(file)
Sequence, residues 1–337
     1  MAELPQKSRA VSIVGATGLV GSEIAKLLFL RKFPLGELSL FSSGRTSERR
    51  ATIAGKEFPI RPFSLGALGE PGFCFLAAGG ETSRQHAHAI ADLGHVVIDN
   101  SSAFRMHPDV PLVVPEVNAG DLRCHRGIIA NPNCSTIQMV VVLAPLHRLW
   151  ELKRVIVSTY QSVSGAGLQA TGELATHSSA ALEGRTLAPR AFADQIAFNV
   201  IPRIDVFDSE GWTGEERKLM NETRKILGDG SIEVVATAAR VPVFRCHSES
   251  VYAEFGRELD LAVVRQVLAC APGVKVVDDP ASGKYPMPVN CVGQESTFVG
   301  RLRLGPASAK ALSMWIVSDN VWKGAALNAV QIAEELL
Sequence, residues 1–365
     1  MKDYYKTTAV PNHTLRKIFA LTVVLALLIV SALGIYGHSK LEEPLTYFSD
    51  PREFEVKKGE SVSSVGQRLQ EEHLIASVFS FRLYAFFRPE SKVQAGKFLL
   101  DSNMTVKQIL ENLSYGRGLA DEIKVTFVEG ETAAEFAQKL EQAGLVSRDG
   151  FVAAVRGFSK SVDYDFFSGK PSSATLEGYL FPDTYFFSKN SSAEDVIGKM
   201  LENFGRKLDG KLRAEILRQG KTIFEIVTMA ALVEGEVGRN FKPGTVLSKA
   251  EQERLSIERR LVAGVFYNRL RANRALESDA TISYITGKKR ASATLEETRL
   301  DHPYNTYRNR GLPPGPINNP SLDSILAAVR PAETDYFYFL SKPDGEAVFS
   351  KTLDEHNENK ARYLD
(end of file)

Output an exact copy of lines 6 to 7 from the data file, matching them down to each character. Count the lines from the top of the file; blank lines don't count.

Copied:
   201  IPRIDVFDSE GWTGEERKLM NETRKILGDG SIEVVATAAR VPVFRCHSES
   251  VYAEFGRELD LAVVRQVLAC APGVKVVDDP ASGKYPMPVN CVGQESTFVG